The following post was first seen at the Association for Manufacturing Excellence – Target Online Newsletter – January 2014. The post was written by Shawn Casemore. To learn more about Mr. Casemore and this post please visit www.casemoreandco.com.
If a customer defines what value is, then whose responsibility is it to ensure that the value will be met? Like it or not, the reality is that not every customer knows or clearly understands what is in their best interest, not to mention that obtaining and even challenging customer views on what is value can seem a risky venture. The simplest path, and the one that most organizations take, is to obtain the feedback of sales relative to defining what customers value.
Well, I’m here to tell you that the easy path is not always the best path, and if customer value is not clearly understood to define customer’s wants and needs, then any changes to a product, service, process or activity can (and likely will) result in a less than valuable outcome.
Doubtful? Well, let’s consider LED lights for a moment. With a life span and electrical efficiency several times beyond any standard incandescent light, they appear to be just what the doctor ordered in a world where energy costs and sustainability are crucial to customers.
But there is a problem.
A standard LED light bulb, although energy efficient, does not emit much heat as compared to its incandescent cousin. That’s good news from an energy efficiency standpoint, as heat is wasted energy. But what if you relied on the light to actually provide heat? Have you noticed that LED lights on your house at Christmas do not melt snow that they come in contact with? Incandescent lights do. Big deal, right? Well what if this caused a safety concern? My uncle has driven transport trucks for more than 30 years, and during a recent discussion, he mentioned how useless the LED lights on cars and trucks actually are. They no longer melt snow to allow traffic to see taillights; an indirect benefit (or indirect value) of the older style candescent. This is a safety concern for anyone who drives in snowy terrain.
When applying lean concepts such as during a kaizen event, I always ask participants to consider both direct and indirect value to the customer. Direct value is the clear benefit the customer derives from the product, service or process. Indirect value includes any additional benefits customers enjoy, and might actually take for granted, that aren’t necessarily as evident, but if they were lost or removed would result in a significant reduction in perceived customer value and satisfaction.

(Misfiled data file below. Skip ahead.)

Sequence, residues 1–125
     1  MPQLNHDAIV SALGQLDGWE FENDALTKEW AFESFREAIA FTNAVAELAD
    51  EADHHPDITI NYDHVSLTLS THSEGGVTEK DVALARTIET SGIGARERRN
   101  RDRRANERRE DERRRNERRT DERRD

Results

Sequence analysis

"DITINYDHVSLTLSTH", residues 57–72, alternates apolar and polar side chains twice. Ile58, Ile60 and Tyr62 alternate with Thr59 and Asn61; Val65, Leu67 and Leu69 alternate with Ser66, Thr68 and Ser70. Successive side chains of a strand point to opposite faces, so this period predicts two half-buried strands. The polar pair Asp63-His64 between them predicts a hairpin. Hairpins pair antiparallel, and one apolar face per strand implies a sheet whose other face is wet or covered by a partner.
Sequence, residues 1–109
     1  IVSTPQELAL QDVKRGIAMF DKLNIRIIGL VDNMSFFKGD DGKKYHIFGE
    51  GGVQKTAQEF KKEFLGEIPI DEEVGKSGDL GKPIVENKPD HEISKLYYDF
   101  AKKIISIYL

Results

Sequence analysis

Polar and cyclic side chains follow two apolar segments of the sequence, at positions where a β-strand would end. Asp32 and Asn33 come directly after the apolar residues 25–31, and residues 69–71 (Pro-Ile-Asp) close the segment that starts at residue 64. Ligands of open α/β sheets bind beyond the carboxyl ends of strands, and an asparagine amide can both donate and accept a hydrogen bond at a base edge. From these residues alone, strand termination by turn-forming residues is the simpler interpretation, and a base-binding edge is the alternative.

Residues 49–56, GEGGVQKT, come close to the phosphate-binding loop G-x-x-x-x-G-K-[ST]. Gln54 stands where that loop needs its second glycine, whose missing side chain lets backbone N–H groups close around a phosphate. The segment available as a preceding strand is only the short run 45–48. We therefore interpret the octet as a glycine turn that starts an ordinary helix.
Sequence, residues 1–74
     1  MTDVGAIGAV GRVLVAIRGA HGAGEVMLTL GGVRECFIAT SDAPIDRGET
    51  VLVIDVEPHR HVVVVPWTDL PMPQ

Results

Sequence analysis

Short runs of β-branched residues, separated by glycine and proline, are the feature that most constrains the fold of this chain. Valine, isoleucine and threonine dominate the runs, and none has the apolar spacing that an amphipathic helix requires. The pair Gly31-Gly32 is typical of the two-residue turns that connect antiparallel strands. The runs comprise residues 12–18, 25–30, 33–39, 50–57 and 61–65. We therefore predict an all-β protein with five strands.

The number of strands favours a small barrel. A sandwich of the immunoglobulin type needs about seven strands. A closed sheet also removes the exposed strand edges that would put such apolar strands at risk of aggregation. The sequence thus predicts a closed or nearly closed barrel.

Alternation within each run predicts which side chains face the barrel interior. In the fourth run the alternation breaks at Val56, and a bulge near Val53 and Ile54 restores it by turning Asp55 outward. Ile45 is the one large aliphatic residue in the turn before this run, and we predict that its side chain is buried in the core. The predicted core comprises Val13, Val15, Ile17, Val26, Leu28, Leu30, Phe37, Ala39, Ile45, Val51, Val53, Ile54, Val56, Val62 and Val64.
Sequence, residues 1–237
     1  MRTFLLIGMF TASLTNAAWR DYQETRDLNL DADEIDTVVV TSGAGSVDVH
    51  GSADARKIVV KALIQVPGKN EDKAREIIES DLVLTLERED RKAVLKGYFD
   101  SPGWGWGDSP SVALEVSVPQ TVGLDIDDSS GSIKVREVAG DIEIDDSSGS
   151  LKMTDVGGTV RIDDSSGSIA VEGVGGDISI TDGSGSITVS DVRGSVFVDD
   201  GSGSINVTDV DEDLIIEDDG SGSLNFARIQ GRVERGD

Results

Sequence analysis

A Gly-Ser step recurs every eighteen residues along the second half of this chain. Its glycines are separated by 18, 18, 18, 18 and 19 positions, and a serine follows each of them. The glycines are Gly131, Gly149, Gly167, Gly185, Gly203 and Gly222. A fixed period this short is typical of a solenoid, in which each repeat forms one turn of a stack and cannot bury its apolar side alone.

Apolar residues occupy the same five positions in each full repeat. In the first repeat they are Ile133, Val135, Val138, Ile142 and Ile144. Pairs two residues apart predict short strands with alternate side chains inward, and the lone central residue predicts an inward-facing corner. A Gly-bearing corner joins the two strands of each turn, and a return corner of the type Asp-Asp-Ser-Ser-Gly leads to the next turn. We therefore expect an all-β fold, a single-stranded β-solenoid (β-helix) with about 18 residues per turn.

To identify indirect value, consider the following questions when assessing products, services or processes:
- What are the possible unforeseen benefits and/or value to the customer (both real and perceived)?
- Is this unforeseen value clearly defined and apparent as part of the customer value proposition?
- Do customers assess a degree of value to the presence or absence of this benefit or value?
- What would be the impact of removing or reducing this value on customer satisfaction; on process effectiveness; on the customer experience?
To assess indirect value you have to think like a doctor. You have to ask your customers the right questions, put yourself in their shoes and then make a diagnosis based on customer feedback and your knowledge of what the customer expects.
So before you dismiss or revise a product, service or process, consider if there is any indirect value that your customers may not clearly define, but the absence of which would reduce the overall assessed value. By understanding indirect value, better decisions can be made which maximize the customer’s experience, improve efficiency and ensure that any changes initiated sustain over the long haul.
To learn more about the many topics of LEAN, please contact the LEAN Accountants of McKonly & Asbury, LLP.